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    Donald Trump's Authoritarian Spectacle, GOP Convention, July 21, 2016

  • Italian Soldiers Surrendering to the British, North Africa, 1941. Imperial War Museum.

  • Trump and Berlusconi: Two Authoritarian Personalities

  • Women and the U.S. Military: A Long History

  • The World War Two Combat Film. Un Pilota Ritorna, Roberto Rossellini, 1942

  • The Age of Counter-Insurgency: American Sniper, Clint Eastwood, 2015

  • Italian Fascist Propaganda: Mussolini Behind the Movie Camera, 1937


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    Sounds and Silences in Empire Cinema. Lo Squadrone Bianco, Augusto Genina, 1936.

Ruth Ben-Ghiat, Professor of History and Italian Studies at New York University, is a political commentator and cultural critic who has received Guggenheim and other fellowships for her work on fascism, war, and visual propaganda. In Fascist Modernities and Italian Fascism’s Empire Cinema, she looks at what happens to societies when authoritarian governments take hold and why fascism appealed to so many. Her New Yorker article on the normalization of Fascist monuments at a time of resurgent right-wing politics in Italy prompted a national debate about how to consider fascism’s heritage today.

In 2016-2017 she predicted that Trump would imitate Putin’s personality cult and follow the authoritarian playbook once in office. In essays in The Washington Post and The Atlantic and her monthly column for CNN.com, she’s analyzed Trump’s use of Twitter as a visual as well as verbal means of communication and how he uses trial balloons as warnings of his anti-democratic intentions.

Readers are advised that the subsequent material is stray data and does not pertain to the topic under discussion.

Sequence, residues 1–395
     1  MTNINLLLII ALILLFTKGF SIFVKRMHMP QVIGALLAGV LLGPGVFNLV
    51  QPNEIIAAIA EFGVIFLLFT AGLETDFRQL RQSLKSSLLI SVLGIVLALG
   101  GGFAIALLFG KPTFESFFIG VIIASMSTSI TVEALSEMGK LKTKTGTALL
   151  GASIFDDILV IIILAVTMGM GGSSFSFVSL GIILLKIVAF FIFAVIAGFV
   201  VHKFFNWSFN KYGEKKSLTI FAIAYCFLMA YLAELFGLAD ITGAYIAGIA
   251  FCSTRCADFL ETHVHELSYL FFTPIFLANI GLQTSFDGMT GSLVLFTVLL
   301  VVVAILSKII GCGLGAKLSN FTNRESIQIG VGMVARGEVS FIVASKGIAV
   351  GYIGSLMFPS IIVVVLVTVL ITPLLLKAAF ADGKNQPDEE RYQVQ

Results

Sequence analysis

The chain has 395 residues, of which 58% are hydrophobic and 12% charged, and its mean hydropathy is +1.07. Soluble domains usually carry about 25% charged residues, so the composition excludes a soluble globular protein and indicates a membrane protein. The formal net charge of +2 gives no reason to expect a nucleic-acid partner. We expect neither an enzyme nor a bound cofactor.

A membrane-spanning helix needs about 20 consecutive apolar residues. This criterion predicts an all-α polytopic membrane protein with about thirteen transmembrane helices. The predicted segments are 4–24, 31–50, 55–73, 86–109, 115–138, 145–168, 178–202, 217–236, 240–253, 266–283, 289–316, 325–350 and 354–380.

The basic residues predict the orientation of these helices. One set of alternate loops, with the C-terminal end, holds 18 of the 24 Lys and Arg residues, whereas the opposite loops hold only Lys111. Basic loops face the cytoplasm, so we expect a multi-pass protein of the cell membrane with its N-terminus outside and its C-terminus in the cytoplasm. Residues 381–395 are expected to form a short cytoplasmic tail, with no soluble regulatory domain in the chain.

Here are her latest interviews on Trump’s authoritarian inclinations in Huffington Post and the Washington Post and her History Hit podcast with Dan Snow on Mussolini and his inheritors. Look for her in Michael Moore’s new film, Fahrenheit 9/11, talking about how demagogues use and persecute the media.

Media and Speaking inquiries: contact.ruthbenghiat@gmail.com.

Ben-Ghiat also writes on gender politics and #MeToo, from Trump’s fear of women, to the strongman’s belief that consent is for the weak, to gender harassment in and out of the academy.

Her latest book, Strongmen: How The Rise, Why They Succeed, How They Fall (to be published by W.W. Norton) looks at how strongmen from Mussolini to Trump have used persuasion and violence to stay in power. Why do so many people admire these rulers and stay loyal to them no matter what they say or do? How does the strongman leverage his masculinity to present himself as the nation’s ideal leader, what are his weaknesses, and how can be resisted and removed from power

An advisor to Protect Democracy   Ben-Ghiat will be a Visiting Scholar of the Center for Media at Risk at the University of Pennsylvania’s Annenberg School of Communication in spring 2019.

Twitter: @ruthbenghiat